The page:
Alongside such challenges, these women have also underscored the importance of pooling resources, ranging from income to transportation, housing, food, and childcare, to help alleviate food insecurity. But even these survival strategies have been complicated by the physical distancing recommended during the pandemic.

As we collectively move toward the next phase of the pandemic, it is high time that we come to terms with the food injustices that immigrants in our country have long confronted. This means urging our elected officials to overhaul existing immigration and citizenship laws, changing eligibility requirements for public assistance programs—which might also take away much or most of the stigma that has been attached to them—and demanding a society-wide redistribution of wealth in the form universal basic income and living wages.

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Furthermore, as illustrated with the experiences of Malena and Juana, in addition to dozens of other immigrant households we have encountered over the past decade, those fleeing food insecurity should not be categorized as “economic migrants.” They should be granted asylum instead.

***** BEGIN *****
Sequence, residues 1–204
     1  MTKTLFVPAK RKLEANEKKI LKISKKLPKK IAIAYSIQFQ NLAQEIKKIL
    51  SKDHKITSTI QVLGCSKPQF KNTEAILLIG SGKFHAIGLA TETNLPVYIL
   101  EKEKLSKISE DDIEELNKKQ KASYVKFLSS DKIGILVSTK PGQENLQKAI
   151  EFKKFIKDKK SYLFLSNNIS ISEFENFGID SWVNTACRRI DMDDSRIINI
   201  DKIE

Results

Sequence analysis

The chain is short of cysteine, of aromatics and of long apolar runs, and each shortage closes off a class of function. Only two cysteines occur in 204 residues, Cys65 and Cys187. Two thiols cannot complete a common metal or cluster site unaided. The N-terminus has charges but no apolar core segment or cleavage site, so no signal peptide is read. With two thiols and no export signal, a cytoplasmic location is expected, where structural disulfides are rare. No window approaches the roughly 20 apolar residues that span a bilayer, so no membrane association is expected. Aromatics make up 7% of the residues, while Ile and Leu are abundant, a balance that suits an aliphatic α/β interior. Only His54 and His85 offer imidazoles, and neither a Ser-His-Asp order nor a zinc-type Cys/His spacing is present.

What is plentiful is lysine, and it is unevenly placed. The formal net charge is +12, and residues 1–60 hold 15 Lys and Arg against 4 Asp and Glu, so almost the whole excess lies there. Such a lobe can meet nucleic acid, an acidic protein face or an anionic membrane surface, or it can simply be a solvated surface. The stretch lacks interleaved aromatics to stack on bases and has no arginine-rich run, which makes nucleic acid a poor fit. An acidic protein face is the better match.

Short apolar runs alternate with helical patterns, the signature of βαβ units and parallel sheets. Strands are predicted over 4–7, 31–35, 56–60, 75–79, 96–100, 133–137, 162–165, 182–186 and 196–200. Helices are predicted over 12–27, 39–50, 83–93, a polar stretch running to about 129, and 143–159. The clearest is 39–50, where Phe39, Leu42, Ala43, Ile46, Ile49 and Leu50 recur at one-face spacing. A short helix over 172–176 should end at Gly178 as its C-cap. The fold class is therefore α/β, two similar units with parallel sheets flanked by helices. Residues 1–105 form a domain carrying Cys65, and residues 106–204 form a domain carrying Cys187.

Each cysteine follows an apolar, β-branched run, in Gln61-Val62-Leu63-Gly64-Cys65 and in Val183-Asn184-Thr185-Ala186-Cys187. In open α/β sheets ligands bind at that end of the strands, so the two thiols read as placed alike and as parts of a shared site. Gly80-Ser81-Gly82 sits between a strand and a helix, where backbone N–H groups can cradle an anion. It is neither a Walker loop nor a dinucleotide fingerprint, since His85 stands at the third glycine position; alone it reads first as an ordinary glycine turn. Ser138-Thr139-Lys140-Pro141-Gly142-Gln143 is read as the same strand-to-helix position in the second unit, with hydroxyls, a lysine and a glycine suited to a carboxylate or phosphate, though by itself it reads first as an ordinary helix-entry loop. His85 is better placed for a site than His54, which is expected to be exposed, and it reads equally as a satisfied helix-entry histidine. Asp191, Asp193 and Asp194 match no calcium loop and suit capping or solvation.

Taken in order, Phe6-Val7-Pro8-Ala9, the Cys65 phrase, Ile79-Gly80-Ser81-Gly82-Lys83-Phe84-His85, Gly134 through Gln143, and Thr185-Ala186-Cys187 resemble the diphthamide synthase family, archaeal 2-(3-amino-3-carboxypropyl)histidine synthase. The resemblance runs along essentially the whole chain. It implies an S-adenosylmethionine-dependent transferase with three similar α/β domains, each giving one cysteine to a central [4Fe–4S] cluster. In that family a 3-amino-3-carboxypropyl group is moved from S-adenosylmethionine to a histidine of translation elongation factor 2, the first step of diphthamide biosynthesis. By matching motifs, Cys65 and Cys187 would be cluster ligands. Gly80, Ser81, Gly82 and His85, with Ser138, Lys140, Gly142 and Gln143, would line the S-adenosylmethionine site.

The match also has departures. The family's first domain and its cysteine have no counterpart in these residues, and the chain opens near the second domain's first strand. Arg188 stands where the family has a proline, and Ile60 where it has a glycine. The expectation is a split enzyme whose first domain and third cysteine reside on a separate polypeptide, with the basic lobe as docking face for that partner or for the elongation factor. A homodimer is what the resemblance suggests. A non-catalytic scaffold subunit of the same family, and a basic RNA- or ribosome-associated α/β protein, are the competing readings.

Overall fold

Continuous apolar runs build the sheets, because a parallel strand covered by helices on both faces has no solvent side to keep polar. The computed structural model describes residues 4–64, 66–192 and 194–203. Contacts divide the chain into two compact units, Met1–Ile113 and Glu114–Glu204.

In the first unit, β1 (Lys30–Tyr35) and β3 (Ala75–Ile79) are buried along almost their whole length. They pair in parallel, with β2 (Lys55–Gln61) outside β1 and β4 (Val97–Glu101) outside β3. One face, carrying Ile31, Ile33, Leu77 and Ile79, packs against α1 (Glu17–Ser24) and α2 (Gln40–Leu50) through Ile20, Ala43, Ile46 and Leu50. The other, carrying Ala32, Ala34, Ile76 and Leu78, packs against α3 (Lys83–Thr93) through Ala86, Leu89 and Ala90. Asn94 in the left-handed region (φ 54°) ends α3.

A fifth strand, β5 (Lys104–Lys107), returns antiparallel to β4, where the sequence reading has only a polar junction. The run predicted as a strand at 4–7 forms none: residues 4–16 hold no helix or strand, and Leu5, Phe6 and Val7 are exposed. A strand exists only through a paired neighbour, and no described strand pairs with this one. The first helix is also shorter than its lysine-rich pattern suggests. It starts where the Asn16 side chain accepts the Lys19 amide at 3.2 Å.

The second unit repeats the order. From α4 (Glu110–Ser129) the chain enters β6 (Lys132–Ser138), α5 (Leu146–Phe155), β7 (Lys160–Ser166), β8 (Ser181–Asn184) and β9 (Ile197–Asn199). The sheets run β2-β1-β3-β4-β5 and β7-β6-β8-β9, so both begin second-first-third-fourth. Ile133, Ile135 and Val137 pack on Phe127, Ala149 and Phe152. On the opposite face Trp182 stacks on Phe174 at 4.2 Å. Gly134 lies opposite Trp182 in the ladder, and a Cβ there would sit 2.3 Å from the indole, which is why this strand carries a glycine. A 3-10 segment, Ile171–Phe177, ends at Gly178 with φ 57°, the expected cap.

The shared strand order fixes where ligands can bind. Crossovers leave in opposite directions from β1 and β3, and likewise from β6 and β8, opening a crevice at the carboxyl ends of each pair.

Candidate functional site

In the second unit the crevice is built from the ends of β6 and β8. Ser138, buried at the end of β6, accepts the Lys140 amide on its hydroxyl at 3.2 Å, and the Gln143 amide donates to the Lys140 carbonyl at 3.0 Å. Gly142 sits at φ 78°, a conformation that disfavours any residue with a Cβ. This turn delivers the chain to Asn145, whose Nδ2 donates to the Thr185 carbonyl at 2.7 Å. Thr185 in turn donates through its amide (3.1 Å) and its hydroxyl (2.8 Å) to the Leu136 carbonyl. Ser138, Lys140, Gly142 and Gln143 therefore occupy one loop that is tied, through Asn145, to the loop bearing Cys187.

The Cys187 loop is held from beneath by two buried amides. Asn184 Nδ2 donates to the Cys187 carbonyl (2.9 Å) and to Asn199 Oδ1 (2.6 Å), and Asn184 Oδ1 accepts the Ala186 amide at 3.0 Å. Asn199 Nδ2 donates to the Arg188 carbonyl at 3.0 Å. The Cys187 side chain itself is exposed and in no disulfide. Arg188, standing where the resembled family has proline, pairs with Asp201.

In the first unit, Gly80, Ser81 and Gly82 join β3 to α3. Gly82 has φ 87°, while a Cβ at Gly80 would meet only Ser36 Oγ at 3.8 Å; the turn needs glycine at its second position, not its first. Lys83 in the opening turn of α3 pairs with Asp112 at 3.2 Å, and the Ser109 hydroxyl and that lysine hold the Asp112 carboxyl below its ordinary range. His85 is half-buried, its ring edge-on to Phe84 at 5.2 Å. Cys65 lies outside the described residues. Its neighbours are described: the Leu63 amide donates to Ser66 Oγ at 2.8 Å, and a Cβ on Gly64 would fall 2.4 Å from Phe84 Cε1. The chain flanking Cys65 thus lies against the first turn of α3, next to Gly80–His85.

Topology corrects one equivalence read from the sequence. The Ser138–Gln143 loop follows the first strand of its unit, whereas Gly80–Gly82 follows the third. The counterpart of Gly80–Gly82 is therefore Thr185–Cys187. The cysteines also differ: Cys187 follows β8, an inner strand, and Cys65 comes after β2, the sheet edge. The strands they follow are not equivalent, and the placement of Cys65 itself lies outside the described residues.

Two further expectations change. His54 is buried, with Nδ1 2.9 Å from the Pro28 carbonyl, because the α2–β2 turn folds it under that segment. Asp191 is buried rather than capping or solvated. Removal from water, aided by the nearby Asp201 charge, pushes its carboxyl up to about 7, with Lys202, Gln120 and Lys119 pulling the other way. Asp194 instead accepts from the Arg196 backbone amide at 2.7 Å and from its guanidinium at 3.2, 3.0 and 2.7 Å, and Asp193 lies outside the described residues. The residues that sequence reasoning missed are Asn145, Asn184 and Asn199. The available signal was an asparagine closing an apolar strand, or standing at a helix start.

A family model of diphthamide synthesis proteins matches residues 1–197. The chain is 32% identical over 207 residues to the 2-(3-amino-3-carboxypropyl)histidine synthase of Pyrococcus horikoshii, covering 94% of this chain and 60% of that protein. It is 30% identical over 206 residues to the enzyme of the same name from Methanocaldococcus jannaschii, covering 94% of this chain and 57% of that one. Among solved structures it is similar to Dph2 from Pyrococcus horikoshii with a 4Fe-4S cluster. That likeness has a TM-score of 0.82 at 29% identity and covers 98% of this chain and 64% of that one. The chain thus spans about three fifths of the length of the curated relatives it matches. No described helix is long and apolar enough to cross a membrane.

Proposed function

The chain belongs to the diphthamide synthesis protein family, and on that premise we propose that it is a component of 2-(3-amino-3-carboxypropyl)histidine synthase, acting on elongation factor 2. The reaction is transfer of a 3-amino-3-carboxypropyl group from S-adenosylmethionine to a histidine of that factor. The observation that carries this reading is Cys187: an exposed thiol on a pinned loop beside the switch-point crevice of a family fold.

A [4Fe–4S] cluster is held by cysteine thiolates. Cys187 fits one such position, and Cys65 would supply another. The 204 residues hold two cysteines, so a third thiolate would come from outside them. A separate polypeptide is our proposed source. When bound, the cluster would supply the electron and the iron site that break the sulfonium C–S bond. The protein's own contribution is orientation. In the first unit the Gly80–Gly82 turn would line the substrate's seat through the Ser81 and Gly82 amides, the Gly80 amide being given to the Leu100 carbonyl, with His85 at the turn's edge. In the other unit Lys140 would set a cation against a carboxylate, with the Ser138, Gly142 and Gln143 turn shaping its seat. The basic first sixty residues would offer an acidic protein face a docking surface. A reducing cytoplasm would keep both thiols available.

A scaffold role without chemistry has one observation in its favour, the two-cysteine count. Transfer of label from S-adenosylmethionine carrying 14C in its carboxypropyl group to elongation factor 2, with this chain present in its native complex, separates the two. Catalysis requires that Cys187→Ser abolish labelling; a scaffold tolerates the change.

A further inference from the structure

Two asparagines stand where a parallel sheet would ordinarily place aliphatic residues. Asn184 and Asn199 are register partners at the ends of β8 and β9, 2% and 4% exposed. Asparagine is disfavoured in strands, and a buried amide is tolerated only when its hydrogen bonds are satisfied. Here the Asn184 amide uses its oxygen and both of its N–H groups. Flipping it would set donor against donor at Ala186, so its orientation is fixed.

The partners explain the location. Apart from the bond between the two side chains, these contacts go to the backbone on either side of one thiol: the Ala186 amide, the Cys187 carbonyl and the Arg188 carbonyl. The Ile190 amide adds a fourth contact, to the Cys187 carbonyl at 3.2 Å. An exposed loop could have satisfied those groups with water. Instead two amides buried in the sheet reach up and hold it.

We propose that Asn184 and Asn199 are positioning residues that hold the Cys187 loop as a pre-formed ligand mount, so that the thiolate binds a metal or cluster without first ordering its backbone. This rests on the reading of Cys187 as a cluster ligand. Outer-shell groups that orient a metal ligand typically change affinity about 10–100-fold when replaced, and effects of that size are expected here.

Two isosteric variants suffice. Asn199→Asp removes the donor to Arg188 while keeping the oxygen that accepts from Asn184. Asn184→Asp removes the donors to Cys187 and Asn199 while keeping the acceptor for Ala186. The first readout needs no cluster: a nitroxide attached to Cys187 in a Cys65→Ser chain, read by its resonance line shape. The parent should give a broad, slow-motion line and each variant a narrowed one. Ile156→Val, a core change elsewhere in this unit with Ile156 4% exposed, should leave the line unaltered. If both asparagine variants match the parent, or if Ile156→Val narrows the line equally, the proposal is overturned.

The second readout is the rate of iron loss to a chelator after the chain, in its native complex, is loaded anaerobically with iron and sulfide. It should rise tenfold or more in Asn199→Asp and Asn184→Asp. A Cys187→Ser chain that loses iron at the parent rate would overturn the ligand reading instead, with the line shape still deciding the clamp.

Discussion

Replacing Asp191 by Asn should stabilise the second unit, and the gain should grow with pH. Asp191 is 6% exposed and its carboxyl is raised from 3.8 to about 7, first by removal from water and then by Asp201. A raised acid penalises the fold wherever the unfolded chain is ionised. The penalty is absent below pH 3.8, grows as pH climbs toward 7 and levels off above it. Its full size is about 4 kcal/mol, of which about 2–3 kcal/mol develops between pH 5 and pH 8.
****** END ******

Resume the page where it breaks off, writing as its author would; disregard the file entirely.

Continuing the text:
The pandemic has laid bare our dependence on the essential workers who are often excluded from the protections of U.S. citizenship and shone a spotlight on the vulnerabilities in our food system. Now is the time to work toward ending these disparities through solidarity with those on the front lines.

Megan A. Carney is Assistant Professor of Anthropology and Director of the Center for Regional Food Studies at the University of Arizona. She is the author of two books, the award-winning The Unending Hunger: Tracing Women and Food Insecurity Across Borders (University of California Press, 2015) and the forthcoming Island of Hope: Migration and Solidarity in the Mediterranean (University of California Press, May 2021). Follow her on Twitter @megan_a_carney. Read more >

Teresa Mares is Associate Professor of Anthropology and the Associate Director of the Graduate Program in Food Systems at the University of Vermont. She is the author of Life on the Other Border: Farmworkers and Food Justice in Vermont (University of California Press, 2019) and is currently working on a co-authored book (with Laura-Anne Minkoff-Zern), Will Work For Food: Labor Across the Food Chain. Read more >